Home / LGBTQ+ advocates and allies protesting ‘Don’t Say Gay’ bill in Naples

LGBTQ+ advocates and allies protesting ‘Don’t Say Gay’ bill in Naples

Reporter: Lauren Leslie Writer: Drew Hill
Published: Updated:

Members of the LGBTQ+ community and their allies are protesting the ‘Don’t Say Gay’ bill on Friday. Naples Pride says the bill targets the LGBTQ+ community.

The ‘Don’t Say Gay’ bill forbids schools from encouraging students to discuss LGBTQ + issues and gender identity.

At Cambier Park in Naples, it is quiet so far.

Naples Pride planned on delivering a petition to Sen. Kathleen Passidomo’s office ahead of the march. That petition had more than 300 signatures.

The message to Passidomo from the LGBTQ+ community is to vote no.

On Thursday, the ‘Don’t Say Gay’ bill advanced out of a House Judiciary Committee by a  vote of 13-7.

During the House Judiciary debate, the members had to be reminded of decorum.

Supporters of House Bill 1557 say that sexual orientation and gender identity are conversations to be held at home.

But, those in opposition to the bill say not all LGBTQ+ students are supported at home.

Jordan Lytle is a student. “Don’t pass these bills, don’t pass homophobic bills, don’t silence gay people’s lives, LGBT lives,” Lytle said.

Jordan is a daughter, a student and a friend. And she says for some kids, coming out to their parents could put them in danger. “There are a lot of kids at my school who just can’t come out to their parents about it,” she said.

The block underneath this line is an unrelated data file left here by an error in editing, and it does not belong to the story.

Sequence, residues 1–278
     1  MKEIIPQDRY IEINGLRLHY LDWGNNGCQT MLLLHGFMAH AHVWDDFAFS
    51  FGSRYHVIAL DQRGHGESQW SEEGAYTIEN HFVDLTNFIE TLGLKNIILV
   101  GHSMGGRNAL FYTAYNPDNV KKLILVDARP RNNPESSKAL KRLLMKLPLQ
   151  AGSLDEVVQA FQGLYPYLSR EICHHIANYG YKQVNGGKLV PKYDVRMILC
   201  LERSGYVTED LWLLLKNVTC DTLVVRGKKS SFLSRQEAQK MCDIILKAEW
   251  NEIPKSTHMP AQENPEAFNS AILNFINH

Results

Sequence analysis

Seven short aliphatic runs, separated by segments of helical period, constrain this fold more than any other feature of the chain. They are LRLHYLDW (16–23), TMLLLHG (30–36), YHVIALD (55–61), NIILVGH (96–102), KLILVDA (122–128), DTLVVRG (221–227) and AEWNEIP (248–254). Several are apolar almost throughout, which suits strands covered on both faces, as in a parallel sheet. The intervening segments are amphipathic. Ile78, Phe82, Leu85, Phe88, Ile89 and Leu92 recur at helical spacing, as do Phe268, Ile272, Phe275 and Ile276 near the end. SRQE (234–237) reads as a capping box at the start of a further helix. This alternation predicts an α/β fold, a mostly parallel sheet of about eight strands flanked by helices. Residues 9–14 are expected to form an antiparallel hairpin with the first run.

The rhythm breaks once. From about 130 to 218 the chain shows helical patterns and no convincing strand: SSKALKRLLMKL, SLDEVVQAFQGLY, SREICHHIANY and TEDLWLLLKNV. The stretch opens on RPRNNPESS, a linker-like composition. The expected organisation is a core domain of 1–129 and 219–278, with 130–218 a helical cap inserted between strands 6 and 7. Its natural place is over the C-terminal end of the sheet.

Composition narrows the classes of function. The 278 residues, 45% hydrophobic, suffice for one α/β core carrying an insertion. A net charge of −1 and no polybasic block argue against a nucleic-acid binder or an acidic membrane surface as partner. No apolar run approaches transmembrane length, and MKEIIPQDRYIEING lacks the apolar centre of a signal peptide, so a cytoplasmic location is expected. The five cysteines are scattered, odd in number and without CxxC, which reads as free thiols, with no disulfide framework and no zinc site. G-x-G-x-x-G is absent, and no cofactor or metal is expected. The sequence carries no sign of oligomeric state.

She’s talking about not only how she feels and who she is attracted to but how other kids may identify, as well. “It will affect kids like me kids younger than me kids older than me, and I don’t want that to happen,” Jordan said.

Callhan Soldavini was also out protesting on Friday. “We’re just here to make sure that children have a safe space and an inclusive environment,” said Soldavini.

The bill intended to limit the conversations around LGBTQ+ issues and gender identity for kindergarten through third-grade students.

LGBTQ+ advocates are worried that the vague language leaves the door open to adding middle and high school students to the list, often when young people discover who they are and what their identities mean to them.

While Lytle may have her mom’s support, not all LGBTQ+ youth do.

That is why advocates are fired up and sounding off and marching by the dozens in hopes that lawmakers will listen to them.

Jessica Fike is an LGBTQ+ advocate. “It’s going to create a lot of kids who don’t want to express themselves, which can lead to depression and suicide,” said Fike.

WINK News reached out to Sen. Passidomo via text and phone call for comment over the past two days, but we have not yet heard back.

The term “age-appropriate” is what is truly being questioned in regards to HB 1557. The bill’s author says parents should determine what is age-appropriate for their children.